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Winner: Dewi Hargreaves - Maccabeus

We love nothing more than being hurled into a good story. And nothing gets our juiced quite like landing on a different world. Dewi plunged us into the heart of a war-torn planet without warning - a distant rock where man and alien are pitted in a deadly clash. Why? Who knows. All that's clear is that we're on the back foot, and it's time to get out before anyone else dies. Read his work below.

2nd Place - Open Prose Competition


Dewi Hargreaves

I open my eyes. Boom.

I look around me. Boom. They're coming. It's dark. The small room is cramped and wet, a puddle forming in the centre. The walls are bare concrete. They're white, apart from the corners, which are black. I'm huddled under a wet blanket, which covers my wet armour which covers my wet uniform. The fabric beneath my helmet is wet.

Moving is like swimming – slow and difficult and clammy. My muscles resist, like they're malfunctioning. I'm confused for a second, until I remember the day before, or the night before, the night where everything went wrong. I suddenly remember where I am, who I am.

Boom. My stomach sinks. Boom. They're coming.

There are others around me. They're also hidden under blankets, huddled up against the walls; two are pressed against each other, both shivering. They're wearing standard kit, green helmets and green armoured vests over stained khaki uniforms which are dark with damp. Not water. Blood. They still have their rifles, propped up against the walls to keep them dry.

I scan the room, taking in names. Boom. Yaron. Boom. Tabac. Aubray. Danus. The others are missing. At least I'm not alone. These boys I grew up with on Maccabeus, a planet far from here. These boys are home.

I get that sensation that people sometimes get when they're far from home, the sensation of floating up from the ground. I keep going, my mind spinning, up to the clouds, above. Boom. I'm back. Boom. They're coming.

I lie still for a while longer, calming my heart and my shaking hands before I haul myself to my feet. “Time to go,” I hear myself say. Three of them shuffle. “Sarge,” one mutters.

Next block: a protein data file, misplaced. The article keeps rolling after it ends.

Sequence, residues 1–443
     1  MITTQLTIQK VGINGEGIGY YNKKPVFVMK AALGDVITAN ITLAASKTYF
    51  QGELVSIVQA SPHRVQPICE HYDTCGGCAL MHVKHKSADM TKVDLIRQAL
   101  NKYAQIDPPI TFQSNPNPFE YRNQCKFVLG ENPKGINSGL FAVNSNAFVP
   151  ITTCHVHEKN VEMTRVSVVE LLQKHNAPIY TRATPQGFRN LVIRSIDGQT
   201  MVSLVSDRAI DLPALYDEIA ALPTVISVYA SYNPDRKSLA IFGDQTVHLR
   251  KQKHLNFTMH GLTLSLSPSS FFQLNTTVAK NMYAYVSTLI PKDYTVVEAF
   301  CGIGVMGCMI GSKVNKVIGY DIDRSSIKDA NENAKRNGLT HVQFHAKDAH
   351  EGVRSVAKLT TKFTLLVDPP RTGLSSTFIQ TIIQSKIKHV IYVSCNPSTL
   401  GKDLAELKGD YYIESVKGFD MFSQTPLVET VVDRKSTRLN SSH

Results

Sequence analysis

I know what's wrong before I even move. I approach Danus, the fourth one, and shake his shoulder lightly, then unclip his ident from his uniform. Some don't do this, but I always do. Better for them to go down as KIA than MIA. Boom. Families can move on. Boom. They're coming.

We pull out canteens and mess tins and vacuum-packed proteins and eat without speaking. No-one looks at Danus. Better not to. Light starts to trickle in through a metal grate at the top of the wall. It shines on the puddle. Not water. Blood.

Tabac speaks after eating. “Not bad,” Boom. “Not bad.” Boom.

“You're lucky,” Yaron says. “You can't see it.”

“That's something,” Tabac says, his blank eyes staring.

“No chatter,” I say.

We're preparing to head out when the wireless crackles to life. Boom. Danus has it. Boom. “They're coming.” I remove it from Danus's pack and attach it to my own. The retreat has been ordered. Time to move. We pack away and retrieve our rifles. I check mine. Still charged.

A body lies in the entrance. Not human. We step over it and move down the corridor, flicking our lights on. Beams bounce off of walls and bodies and blood mixed red and green on the floor. Not water. The walls are blackened, scorched by laser fire and explosions. I check my rifle instinctively. Boom. Still charged. Boom. They're coming. Yaron vomits in a corner. We carry on.

We're outside in the weak morning light. The dual suns glare down at us, poking out from behind the gas giant which this moon orbits. They look green through the sick atmosphere that hugs this world. I float again.

“Sarge?” Boom.

“I'm back.” Boom. They're coming.

Tabac speaks as we move down the cliff. “How far behind?”

“Not far,” Aubray says.

“How far ahead?”

“No chatter,” I say.

Our slow descent leads down a path we all remember from before. It takes us over a stream. There are still scorch marks on the rocks, blackened by laser fire and explosions. No blood, just water. The swamps lie below us, covered by mist. Explosions flash, the rumbles carried on the sick air. The battle is ongoing. A gunship shudders overhead and we smile. Boom. It drops. Boom. They're coming.

A gorge blocks our path so we are forced to rappel down the cliff-face. Moving is like swimming; slow and difficult and clammy. I'm last down. Boom. Screaming. Boom. They're coming.

“I'm sorry,” Tabac says.

“Don't worry,” Yaron says.

“It's just that I can't -”

“No chatter,” I say.

I check my rifle. Still charged. We move into the trees, smearing our faces with swamp mud for camouflage. Water, not blood. We continue down the mountainside, following a path we all remember from before. A craft zooms over us, distorting reality; we duck beneath the plants. I float again. Boom. I'm back. Boom. “They're coming,” Tabac says.

The heat is unbearable. Aubray faints. I carry him. The dual suns have crept high into the sky. The swamp below boils, sending steam and awful smells skyward. It crystallises on my skin, dampens my uniform, my armour, my helmet, my rifle. Water, not blood. My lungs strain against the warmth as it sits on my chest. The others are ahead of me. They stop and unpack their canteens, mess tins and vacuum-packed proteins. I join them. They drain their drinks as I use mine to splash water in Aubray's face. Boom. He blinks. Boom.

“Missing Maccabeus yet?” Yaron asks.

“Have been since the start,” Aubray says.

“When are we going home?” Tabac asks me.

“No chatter,” I say.

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